Sex selection methodology and technology have advanced significantly since Dr. Shettles first came up with his method. Because his method is non-invasive, drug-free and can be done at home, it has not raised significant ethical questions.
Yet as technology has progressed, the topic of sex selection has come under increasing scrutiny, according to the Harvard Journal of Law & Technology. It is especially controversial for methods that may involve new medical breakthroughs. Some of these medical methods include Microsort, a sperm-sorting technique that makes it possible for doctors to use the X-bearing or Y-bearing sperm to artificially inseminate the mother-to-be. A more invasive method for selecting the baby’s sex is pre-implantation genetic diagnosis (PGD).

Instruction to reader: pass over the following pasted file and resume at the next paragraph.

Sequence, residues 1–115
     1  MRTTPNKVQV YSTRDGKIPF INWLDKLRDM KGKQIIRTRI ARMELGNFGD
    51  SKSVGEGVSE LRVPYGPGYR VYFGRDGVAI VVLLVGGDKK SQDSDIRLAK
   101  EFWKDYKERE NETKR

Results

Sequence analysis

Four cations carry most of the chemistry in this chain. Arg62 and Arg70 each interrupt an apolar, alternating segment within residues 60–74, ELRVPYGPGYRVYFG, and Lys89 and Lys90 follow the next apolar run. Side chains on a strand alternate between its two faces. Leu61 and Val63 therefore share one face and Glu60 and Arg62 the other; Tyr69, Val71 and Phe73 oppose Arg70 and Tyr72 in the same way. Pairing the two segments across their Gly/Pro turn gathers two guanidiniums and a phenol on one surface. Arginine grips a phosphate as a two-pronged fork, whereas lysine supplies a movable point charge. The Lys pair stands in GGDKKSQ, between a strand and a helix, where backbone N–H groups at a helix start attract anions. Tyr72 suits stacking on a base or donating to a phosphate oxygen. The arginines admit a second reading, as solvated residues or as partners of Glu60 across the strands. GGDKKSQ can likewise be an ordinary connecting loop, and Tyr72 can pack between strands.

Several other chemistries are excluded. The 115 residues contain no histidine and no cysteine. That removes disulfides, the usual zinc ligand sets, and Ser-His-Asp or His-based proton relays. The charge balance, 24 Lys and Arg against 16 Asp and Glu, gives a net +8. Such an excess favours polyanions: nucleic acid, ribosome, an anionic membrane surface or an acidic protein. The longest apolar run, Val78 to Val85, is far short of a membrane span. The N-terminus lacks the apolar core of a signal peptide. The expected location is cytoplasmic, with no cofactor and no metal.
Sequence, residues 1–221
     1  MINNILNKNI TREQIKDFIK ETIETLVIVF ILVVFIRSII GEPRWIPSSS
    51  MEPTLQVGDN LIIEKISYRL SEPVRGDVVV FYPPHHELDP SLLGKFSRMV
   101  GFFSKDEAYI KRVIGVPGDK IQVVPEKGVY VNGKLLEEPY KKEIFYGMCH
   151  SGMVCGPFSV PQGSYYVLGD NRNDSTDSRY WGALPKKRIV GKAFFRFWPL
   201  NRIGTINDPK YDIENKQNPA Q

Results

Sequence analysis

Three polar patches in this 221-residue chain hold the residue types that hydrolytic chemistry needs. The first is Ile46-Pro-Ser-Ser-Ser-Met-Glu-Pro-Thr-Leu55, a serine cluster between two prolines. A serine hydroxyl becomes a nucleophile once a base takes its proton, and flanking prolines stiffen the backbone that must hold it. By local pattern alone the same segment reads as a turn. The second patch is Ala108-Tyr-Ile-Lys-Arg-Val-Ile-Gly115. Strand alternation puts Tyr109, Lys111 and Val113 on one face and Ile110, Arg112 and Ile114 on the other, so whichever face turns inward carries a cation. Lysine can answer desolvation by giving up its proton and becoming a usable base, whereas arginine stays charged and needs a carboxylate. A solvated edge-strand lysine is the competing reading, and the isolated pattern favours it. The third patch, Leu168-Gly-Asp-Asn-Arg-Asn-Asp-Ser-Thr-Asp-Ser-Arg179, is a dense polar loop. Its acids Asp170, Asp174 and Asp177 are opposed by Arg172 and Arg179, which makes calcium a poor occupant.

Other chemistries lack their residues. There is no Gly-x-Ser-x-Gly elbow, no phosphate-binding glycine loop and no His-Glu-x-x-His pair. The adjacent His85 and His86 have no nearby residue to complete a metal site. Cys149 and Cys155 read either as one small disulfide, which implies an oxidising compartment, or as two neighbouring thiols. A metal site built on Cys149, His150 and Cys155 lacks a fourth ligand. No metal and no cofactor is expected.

Should policies on non-intervention or prohibition of gender selection technologies be established? This is under discussion among regulators. The selection of a baby’s sex is a divisive issue in today’s society, particularly among feminist groups.
Whether the Shettles method can truly determine the sex of your child continues to be debated. Scientists agree that conception results from intercourse during a six-day time-frame that ends in ovulation. Ultimately, it's up to you and your partner whether you prefer to try the Shettles method for gender determination, seek professional assistance or let nature take its course.